Mike has never had it easy. Born with cerebral palsy, he has had more than his fair share of physical challenges. Challenges that left him with a broken collar bone at the age of 9 in a wrestling match, for instance.
Those challenges might have stopped most people. But not Mike. Instead, he’s starting his senior year at a new school, with new ambitions. He’s ready to dust off his wrestling shoes and try out for the team…as a senior.
Many people doubt Mike. But what does that really matter? With a brand-new coach who fights for the underdog, a new best friend, and an incredible father, the odds are in Mike’s favor.
There’s plenty of cynicism, sure. But Mike is about to prove that strong character and mental fortitude are more valuable than any negative comment.
And they’re to be desired more than any trophy.
Mike is a determined, hard-working, courageous young man. He struggles with insecurities, as we all do, but he consistently chooses to put them aside and persevere. He tells many people not to underestimate his abilities. Mike tells his dad that he wants to prove he’s a capable individual. And although he has many chances to be prideful, Mike swallows that pride and chooses the path of humility.
Mike gives a speech toward the end of the film, telling people never to judge others for what they can’t do, because their abilities are sure to surprise.
Mike’s father loves him dearly. Many flashbacks show him helping Mike learn and overcome physical disabilities, consistently showing him that he is able to do hard things. Mike’s father apologizes when he is in the wrong and encourages his son as well.
Jeff befriends Mike when others ridicule him and helps Mike train for wrestling. Jeff tells Mike, “I don’t know why, but I believe in you.” Jeff also challenges Mike to go beyond his limits and to reach for more. He sacrifices his chance at a wrestling match to give Mike a shot at winning.
Other than Mike’s father and Jeff, Coach Cutting is Mike’s biggest fan and advocate. He pushes Mike to work hard and challenges him not to seek the approval of others or to worry about what they might think of him. The coach encourages Mike not to let his physical disabilities and past experiences define who he is.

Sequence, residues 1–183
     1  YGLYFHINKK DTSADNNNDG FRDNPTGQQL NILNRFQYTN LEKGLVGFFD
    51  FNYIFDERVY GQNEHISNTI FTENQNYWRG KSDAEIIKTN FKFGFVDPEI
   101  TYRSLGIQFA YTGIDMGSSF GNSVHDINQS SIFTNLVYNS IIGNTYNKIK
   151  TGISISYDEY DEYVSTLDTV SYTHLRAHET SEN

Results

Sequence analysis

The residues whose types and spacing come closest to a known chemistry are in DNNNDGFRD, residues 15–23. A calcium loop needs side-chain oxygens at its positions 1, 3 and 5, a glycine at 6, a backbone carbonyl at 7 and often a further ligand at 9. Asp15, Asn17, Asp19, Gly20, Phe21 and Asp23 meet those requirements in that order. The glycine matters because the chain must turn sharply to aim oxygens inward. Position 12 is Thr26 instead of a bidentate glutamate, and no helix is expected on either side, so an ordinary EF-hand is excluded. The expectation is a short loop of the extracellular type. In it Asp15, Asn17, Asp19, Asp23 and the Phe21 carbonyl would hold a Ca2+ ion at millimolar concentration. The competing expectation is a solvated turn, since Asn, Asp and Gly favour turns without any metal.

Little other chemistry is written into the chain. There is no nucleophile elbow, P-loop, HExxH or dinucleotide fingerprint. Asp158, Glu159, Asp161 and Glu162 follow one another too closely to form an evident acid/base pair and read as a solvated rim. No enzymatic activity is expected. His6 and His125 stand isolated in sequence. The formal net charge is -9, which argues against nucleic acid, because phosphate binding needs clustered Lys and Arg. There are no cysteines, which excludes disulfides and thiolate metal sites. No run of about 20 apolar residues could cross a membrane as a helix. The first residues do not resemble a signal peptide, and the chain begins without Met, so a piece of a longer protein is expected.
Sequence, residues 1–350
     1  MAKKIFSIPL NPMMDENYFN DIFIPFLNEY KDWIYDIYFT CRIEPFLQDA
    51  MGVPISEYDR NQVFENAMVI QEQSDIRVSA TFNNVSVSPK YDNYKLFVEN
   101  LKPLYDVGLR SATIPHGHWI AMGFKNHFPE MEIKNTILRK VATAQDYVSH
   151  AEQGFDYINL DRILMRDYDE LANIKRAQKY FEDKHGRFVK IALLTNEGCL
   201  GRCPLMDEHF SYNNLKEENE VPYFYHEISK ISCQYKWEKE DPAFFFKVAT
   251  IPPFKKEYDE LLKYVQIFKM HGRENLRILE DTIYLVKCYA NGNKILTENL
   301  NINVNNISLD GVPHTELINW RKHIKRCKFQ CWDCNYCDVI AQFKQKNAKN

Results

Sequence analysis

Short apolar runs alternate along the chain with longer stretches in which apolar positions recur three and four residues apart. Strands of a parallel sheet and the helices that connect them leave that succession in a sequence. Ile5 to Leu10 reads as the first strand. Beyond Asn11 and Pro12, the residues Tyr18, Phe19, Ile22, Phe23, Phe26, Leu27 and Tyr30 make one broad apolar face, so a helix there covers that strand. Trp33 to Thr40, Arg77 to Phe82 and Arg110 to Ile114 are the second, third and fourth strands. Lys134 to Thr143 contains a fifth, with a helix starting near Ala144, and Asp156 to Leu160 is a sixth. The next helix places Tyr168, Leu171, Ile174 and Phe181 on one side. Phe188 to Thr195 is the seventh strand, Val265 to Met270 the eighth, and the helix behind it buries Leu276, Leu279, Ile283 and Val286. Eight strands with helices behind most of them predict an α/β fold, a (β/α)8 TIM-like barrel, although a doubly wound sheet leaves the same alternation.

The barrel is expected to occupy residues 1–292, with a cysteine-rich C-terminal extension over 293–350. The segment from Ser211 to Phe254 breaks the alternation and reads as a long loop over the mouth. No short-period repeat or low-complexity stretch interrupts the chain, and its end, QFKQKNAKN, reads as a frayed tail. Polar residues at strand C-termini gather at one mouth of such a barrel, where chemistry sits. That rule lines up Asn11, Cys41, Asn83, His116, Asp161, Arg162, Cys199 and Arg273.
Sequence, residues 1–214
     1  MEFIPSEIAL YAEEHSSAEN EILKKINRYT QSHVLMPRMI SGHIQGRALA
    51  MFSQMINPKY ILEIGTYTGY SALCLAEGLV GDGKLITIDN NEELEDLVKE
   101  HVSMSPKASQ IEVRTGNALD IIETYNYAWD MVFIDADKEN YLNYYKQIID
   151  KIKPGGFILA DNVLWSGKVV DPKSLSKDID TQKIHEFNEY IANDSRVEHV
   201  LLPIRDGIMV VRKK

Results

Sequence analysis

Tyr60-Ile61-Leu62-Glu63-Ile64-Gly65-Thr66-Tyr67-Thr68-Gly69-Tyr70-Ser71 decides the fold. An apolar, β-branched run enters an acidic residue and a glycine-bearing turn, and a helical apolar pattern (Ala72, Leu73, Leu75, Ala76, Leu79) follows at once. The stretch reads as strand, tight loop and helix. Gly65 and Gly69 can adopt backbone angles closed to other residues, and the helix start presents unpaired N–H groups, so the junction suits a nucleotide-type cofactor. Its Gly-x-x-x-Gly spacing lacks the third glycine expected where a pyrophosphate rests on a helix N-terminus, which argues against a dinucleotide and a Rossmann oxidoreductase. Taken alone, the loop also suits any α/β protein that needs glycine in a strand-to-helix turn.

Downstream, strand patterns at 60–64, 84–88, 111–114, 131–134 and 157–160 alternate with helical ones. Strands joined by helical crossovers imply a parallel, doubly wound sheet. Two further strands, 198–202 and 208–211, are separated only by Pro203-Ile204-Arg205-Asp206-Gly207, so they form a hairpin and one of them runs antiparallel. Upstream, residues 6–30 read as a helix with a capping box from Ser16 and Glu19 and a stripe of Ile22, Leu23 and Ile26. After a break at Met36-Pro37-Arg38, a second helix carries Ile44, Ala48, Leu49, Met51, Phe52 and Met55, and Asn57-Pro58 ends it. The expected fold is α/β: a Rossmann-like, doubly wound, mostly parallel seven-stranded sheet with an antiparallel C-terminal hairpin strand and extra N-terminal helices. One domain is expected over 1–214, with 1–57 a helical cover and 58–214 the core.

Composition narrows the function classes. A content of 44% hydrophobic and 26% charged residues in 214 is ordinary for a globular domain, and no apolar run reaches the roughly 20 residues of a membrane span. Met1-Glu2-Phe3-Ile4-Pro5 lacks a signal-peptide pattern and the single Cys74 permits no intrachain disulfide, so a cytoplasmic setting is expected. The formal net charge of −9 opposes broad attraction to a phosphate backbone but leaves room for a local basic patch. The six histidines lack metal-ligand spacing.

Coach Cutting tells Mike that strength of character is far more important than winning a match. He also gives Mike a trophy for strength of character and tenacity.
Coach Cutting tells Mike’s father that “whatever God’s got planned for Mike, only God knows.”
Mike flirts with a girl named Patty, and she with him. Jeff tells Mike that Patty is way out of his league, but that doesn’t stop him from asking her to slow dance.
A girl comments that Mike has a “nice booty.” Mike shaves his face while shirtless.
A rude, aggressive teen tries to tackle and hit Mike. Jeff, a friend of Mike’s, comes to his rescue, taking the bully to the ground.
A flashback shows the wrestling match where Mike broke his collarbone at the age of 9. (We hear the bone cracking in the film and see Mike in agonizing pain.) A close friend of Mike’s falls on his back from a tall height and suffers injuries.
Mike’s father slaps him in the face. Mike tackles his dad on the couch.
The s-word is used four times. Other profanity includes “h—,” “a–,” “a–hole” and the abbreviated “B.S.”
A few people call Mike a “retard” multiple times, and one teammate aims a crude hand at him.
Many people, teens and adults alike, are rude to Mike and underestimate his abilities. A few students make fun of the way he walks and talks. One in particular tells the wrestling coach that letting “a cripple” wrestle is the same as forfeiting the match.
A teacher assumes that Mike is in special education courses; when he tries to explain otherwise, she ignores him.
Inspired by screenwriter Michael D. Coffey’s personal life, Triumph is a story set in the ‘80s about a young man with cerebral palsy who overcame every obstacle thrown his way.
It’s an inspirational sports film that teaches viewers about character, determination, humility, kindness and perseverance. Some language—which could easily have been eliminated—is the biggest concern here.
That said, Triumph is the sort of movie that is sure to catch the attention of any wrestling fan, and maybe a few others looking for inspiration and motivation to push through life’s challenges.
Kristin Smith joined the Plugged In team in 2017. Formerly a Spanish and English teacher, Kristin loves reading literature and eating authentic Mexican tacos. She and her husband, Eddy, love raising their children Judah and Selah. Kristin also has a deep affection for coffee, music, her dog (Cali) and cat (Aslan).